Concerns were raised in the travel industry after Thailand’s “red shirt” protesters, who support the current regime and profess allegiance to the former prime minister Thaksin Shinawatra, staged a gathering in Bangkok on Sunday.
The protest, which was about 35,000-people strong according to police reports, was organised by the United Front for Democracy Against Dictatorship, commonly referred to as “Red Shirts”, to oppose lawmakers’ suspension of a constitutional amendment that would allow for the return of Thaksin to the country. The controversial former government leader was ousted by a military coup in 2006 and faced corruption charges in 2008. He has been on self-imposed exile since November 2008, claiming that he has been politically persecuted. His sister Yingluck later became the prime minister in 2011 after the Pheu Thai Party won a general election.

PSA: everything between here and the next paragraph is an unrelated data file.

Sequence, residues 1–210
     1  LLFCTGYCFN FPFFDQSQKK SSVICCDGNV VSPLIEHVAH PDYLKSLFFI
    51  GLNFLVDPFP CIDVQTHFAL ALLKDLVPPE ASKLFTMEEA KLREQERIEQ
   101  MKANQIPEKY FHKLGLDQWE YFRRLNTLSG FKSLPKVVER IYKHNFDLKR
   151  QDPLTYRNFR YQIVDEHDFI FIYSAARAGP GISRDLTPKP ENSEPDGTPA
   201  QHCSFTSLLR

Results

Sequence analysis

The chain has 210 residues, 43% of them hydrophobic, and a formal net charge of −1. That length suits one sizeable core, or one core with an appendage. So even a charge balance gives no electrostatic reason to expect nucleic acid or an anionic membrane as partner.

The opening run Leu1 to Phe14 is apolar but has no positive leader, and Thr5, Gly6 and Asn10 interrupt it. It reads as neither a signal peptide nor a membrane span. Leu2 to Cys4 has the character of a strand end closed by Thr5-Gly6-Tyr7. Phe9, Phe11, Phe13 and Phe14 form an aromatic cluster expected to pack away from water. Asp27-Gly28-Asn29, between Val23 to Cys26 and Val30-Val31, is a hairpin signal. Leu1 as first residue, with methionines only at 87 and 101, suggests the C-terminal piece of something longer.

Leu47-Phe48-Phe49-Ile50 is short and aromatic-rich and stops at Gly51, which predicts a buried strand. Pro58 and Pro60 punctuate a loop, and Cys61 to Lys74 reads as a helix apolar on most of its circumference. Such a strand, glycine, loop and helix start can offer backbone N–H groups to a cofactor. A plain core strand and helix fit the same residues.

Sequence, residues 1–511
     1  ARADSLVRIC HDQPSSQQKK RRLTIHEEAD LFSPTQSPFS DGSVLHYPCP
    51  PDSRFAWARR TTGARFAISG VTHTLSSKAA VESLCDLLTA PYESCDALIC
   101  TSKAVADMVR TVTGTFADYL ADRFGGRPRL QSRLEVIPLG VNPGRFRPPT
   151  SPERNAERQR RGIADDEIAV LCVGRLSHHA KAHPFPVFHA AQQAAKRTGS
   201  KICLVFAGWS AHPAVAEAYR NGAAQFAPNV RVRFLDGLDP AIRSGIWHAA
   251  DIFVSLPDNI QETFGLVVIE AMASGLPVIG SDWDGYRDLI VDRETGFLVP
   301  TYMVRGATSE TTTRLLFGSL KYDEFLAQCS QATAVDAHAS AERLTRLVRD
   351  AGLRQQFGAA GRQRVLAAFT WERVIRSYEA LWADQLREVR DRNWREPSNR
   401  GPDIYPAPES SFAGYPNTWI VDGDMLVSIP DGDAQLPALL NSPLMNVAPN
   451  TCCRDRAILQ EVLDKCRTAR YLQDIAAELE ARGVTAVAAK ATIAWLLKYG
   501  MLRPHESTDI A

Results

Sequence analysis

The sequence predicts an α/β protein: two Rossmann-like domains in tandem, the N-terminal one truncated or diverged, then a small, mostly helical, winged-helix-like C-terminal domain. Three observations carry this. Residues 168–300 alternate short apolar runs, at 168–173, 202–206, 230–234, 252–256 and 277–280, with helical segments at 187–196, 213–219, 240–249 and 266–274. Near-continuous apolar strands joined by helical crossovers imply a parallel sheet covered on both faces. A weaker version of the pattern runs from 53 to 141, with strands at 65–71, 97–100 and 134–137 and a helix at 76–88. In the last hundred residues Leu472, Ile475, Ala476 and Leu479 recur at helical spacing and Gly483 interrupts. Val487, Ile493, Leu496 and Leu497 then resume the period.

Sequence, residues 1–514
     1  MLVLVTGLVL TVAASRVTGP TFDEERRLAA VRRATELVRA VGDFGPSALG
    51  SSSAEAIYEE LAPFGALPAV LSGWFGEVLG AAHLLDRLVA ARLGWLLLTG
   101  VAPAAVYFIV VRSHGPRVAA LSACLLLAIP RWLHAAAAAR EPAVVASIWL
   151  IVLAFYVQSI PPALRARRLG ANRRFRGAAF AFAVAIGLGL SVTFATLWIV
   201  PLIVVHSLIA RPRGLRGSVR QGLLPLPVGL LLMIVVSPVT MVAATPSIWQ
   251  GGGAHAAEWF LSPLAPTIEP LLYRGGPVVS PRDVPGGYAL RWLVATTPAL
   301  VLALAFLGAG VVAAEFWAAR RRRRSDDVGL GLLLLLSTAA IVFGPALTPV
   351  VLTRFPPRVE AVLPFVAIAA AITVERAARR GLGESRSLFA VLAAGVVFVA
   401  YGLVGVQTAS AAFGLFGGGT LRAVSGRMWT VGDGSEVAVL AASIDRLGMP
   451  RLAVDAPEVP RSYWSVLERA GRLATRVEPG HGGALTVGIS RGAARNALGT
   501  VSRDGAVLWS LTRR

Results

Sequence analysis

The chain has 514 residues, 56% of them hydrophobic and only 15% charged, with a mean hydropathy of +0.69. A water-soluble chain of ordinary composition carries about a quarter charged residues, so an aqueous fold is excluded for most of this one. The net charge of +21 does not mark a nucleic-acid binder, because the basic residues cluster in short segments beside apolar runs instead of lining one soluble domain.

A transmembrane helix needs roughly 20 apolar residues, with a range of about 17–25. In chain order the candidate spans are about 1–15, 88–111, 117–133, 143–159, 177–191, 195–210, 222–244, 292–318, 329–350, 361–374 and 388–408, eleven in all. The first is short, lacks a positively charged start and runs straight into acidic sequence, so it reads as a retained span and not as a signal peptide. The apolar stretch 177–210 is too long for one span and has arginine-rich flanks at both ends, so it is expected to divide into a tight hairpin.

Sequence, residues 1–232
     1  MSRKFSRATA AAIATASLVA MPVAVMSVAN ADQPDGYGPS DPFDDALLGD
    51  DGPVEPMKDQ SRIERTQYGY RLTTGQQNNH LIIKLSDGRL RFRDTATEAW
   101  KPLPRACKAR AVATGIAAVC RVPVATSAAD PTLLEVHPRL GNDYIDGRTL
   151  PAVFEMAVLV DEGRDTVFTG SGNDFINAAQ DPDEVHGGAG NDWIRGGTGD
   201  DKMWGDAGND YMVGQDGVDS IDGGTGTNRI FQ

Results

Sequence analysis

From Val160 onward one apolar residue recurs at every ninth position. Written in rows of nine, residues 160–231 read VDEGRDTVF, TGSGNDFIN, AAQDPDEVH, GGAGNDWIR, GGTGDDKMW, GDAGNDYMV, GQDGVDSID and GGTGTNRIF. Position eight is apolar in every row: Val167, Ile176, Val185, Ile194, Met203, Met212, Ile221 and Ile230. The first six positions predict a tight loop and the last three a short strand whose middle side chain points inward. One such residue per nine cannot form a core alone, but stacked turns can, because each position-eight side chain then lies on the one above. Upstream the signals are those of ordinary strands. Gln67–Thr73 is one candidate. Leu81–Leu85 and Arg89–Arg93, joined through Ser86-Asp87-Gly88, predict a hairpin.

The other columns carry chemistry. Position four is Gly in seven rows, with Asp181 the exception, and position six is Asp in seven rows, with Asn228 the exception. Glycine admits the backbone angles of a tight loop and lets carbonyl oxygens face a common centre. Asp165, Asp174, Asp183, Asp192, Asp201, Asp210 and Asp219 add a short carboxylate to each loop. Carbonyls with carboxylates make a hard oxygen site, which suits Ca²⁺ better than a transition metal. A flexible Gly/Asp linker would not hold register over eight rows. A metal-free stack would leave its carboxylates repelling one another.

But today everything is back to normal in the protest area, which was at the Democracy Monument on Ratchadamnoen Avenue, and all the Red Shirts have gone home, confirms Roger Wu, Hong Kong-born guidebook author and blogger who splits his time between his native city and Bangkok.
They chose June 24 for their gathering as it marks the anniversary of a 1932 revolution that brought an end to absolute monarchy in Thailand.
In 2010, a Red Shirt rally in Bangkok ended in the death of 90 people and left 2,000 injured. It also caused travel warnings to be issued by governments across the world, a national state of emergency to be imposed (see story here) and hotels in the area to relocate guests (see story here.)